Scottish court hears challenge to suspension of parliament
Scotland’s Court of Session is today hearing arguments in a challenge by more than 70 UK politicians against prime minister Boris Johnson’s plans to suspend parliament ahead of Brexit, writes Mure Dickie, our Scottish correspondent.
Judge Lord Doherty is expected to issue a decision on the parliamentarians’ petition on Wednesday, with the almost inevitable appeal to be heard by Court of Session’s higher Inner House later this week.
The Scottish government said on Monday that its top law officer had lodged an application to join the petition against Mr Johnson’s plan to prorogue parliament.
James Wolffe, lord advocate, has also applied to join a judicial review of the planned suspension in England that will be heard on Thursday
The parliamentarians argue that proroguing parliament in order to make it more difficult to block a no-deal Brexit would be both illegal and unconstitutional.
The prime minister insists that prorogation will still leave parliament ample time to debate the terms of Brexit before the UK leaves the EU on October 31. A final decision on the legal challenges is likely to be made by the UK Supreme Court.
Reports EU not taking backstop negotiations seriously rankle Number 10
Downing Street is particularly angry this morning about reports that negotiations with the EU to scrap the Irish border backstop are not being taken seriously, reports the FT’s Sebastian Payne.
In an in-depth article about the state of Brexit, with plenty of behind-the-scenes detail, The Telegraph reports that Dominic Cummings, the prime minister’s chief adviser, described the process of trying to strike a new deal as a “sham”, something Number 10 sources describe as a “lie”.
In response to the reports, a Downing Street spokesperson said:
Dom has not said this. He does not believe this to be the case. Such anonymous and unsubstantiated claims should not be printed. We note that these claims were not put to us in advance by the author, denying us the opportunity to make clear these allegations are untrue.
The Telegraph reported that the talks are not being taken seriously because the UK has yet to table a viable replacement to the backstop. One way to show it is keen on a new Brexit deal would, of course, be to set out its alternative plans.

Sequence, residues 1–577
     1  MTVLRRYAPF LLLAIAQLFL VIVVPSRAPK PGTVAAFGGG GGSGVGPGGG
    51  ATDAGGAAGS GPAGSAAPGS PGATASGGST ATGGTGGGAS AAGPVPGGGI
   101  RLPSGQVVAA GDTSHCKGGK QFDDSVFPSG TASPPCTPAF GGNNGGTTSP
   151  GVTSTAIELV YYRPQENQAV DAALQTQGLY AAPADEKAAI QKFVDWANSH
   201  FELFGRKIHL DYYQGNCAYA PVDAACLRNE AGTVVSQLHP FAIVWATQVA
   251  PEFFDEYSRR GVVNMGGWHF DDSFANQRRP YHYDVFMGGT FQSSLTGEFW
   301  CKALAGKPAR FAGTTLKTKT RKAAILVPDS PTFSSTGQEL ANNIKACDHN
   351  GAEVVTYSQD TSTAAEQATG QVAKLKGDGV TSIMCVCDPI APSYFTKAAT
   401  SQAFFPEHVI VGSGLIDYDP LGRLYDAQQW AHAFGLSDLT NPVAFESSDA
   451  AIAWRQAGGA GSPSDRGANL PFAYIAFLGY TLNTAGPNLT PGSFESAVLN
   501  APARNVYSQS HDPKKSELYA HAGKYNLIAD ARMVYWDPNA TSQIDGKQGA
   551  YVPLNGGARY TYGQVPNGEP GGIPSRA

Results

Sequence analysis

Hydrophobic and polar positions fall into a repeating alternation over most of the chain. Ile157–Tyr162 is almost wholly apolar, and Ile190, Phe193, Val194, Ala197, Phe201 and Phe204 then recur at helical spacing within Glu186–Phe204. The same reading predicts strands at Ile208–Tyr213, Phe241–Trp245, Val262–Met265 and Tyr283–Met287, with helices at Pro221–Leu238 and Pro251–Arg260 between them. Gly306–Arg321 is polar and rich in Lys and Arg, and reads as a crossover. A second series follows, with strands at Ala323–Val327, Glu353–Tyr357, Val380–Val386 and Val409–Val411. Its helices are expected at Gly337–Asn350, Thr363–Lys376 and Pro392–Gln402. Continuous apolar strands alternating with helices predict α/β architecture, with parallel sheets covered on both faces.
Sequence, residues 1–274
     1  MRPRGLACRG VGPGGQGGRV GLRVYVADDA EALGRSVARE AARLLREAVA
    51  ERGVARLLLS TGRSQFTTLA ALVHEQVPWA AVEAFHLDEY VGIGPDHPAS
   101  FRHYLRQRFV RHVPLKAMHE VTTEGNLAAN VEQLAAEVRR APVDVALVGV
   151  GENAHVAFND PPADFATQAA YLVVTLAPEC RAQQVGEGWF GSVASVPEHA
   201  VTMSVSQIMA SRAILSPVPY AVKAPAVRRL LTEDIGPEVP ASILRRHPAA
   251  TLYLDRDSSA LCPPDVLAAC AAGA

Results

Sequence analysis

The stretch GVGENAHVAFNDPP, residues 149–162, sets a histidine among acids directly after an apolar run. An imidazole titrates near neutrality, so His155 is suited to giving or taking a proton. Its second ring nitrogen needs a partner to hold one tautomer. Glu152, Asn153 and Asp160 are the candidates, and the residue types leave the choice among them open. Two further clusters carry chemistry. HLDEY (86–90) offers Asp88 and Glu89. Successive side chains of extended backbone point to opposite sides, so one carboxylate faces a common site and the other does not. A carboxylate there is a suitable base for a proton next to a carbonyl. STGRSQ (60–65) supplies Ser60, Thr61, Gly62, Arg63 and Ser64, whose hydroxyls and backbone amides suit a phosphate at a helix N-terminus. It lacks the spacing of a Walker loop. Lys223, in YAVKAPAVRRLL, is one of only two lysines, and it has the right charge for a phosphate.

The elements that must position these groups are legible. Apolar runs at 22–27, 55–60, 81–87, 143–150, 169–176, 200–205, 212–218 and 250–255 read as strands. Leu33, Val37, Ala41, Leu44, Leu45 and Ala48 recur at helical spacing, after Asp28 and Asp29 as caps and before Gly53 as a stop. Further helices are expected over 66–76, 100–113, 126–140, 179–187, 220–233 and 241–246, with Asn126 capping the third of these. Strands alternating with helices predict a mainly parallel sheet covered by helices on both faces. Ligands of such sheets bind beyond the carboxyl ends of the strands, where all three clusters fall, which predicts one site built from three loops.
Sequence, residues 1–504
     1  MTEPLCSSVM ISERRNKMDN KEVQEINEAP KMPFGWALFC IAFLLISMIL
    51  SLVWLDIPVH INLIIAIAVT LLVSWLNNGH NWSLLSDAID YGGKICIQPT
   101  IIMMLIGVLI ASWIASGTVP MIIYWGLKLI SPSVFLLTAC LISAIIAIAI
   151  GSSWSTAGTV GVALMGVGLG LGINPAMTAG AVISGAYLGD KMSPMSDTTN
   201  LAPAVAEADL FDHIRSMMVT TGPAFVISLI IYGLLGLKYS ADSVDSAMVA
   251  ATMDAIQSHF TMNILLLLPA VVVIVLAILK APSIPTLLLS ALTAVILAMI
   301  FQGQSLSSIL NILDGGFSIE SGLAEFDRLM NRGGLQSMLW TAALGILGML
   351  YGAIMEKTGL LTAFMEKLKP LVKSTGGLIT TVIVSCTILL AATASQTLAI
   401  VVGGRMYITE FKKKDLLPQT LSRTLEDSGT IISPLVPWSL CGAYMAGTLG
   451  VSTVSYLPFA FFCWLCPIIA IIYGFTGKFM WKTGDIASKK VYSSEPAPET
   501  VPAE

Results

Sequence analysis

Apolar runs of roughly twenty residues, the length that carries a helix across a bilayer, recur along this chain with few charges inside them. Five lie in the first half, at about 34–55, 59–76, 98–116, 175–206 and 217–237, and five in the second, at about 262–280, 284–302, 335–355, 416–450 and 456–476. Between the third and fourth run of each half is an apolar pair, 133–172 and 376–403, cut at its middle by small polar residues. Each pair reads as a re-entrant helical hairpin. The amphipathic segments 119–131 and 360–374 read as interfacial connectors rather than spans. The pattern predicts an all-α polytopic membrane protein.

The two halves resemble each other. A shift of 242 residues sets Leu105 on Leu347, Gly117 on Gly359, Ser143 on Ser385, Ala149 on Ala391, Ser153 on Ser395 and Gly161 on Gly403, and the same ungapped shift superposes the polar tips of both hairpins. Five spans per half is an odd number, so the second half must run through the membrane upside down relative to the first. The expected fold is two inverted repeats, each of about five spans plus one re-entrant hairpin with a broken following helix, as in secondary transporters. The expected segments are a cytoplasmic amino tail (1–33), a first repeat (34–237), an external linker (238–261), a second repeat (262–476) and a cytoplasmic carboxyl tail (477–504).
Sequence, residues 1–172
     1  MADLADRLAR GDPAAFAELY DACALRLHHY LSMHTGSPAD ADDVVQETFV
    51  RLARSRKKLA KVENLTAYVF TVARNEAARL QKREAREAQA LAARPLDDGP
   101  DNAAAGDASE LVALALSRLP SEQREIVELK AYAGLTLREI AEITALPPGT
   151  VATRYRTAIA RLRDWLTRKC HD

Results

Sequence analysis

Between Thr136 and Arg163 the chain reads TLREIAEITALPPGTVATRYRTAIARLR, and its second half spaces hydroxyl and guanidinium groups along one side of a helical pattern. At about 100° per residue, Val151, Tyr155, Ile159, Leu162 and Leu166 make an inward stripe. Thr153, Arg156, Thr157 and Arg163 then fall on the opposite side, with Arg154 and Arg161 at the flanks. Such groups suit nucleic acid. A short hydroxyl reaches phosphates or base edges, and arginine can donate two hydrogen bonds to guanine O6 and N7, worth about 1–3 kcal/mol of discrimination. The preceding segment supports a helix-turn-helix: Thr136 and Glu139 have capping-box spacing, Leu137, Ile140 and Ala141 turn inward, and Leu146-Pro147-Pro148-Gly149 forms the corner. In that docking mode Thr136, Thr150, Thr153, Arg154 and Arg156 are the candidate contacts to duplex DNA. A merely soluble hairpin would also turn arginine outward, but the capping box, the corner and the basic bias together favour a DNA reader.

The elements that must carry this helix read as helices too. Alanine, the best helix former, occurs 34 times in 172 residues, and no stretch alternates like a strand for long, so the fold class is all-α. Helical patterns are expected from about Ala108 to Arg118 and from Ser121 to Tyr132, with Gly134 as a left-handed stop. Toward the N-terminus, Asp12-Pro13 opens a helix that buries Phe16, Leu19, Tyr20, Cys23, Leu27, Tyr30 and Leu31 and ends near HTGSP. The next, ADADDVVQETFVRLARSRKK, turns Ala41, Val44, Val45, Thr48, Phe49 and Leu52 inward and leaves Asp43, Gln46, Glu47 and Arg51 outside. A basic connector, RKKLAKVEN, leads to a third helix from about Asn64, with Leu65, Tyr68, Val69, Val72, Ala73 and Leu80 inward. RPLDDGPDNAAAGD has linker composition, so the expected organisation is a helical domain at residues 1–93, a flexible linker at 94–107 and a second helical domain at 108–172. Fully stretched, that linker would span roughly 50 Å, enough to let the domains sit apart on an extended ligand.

A Tory ‘Leave’ election campaign would add 18 seats in northern England, research shows
The Conservatives should gain around 18 seats in the North of England by appealing to Leave voters in a snap general election, according to new research, writes Andy Bounds, our northern England correspondent.
Boris Johnson has made a pitch to traditional working class Labour voters with his tough talk on the EU and public spending pledges.
Bradshaw Advisory, a lobby firm co-founded by Tom Lees, who once worked for Michael Gove, has run a model to predict the result of an election dominated by Brexit.
The Conservatives are predicted to gain 18 seats, the Liberal Democrats to win three, and Labour to lose 15.
Those who want to check Bradshaw’s homework can find the full modelling method at www.bradshawadvisory.com/database
It takes into account the ageing population in many Northern constituencies – older people tend to vote Tory – how often the seat switches hands and the referendum result.
It finds Penistone and Stocksbridge and Bishop Auckland are likely to turn blue – though the Tories targeted them unsuccessfully in 2017.
New work in UK construction shrinks at fastest pace since March 2009
New orders for work in Britain’s construction industry are falling at the quickest pace in over 10 years in a sign of the uncertainty sweeping across the economy.
The data from IHS Markit, based on a survey of industry executives, highlights how darkening sentiment has significantly affected investment.
Tim Moore, economics associated at IHS Markit, said:
Domestic political uncertainty continued to hold back the UK construction sector in August, with survey respondents indicating that delays to spending decisions had contributed to the sharpest fall in new work for over 10 years.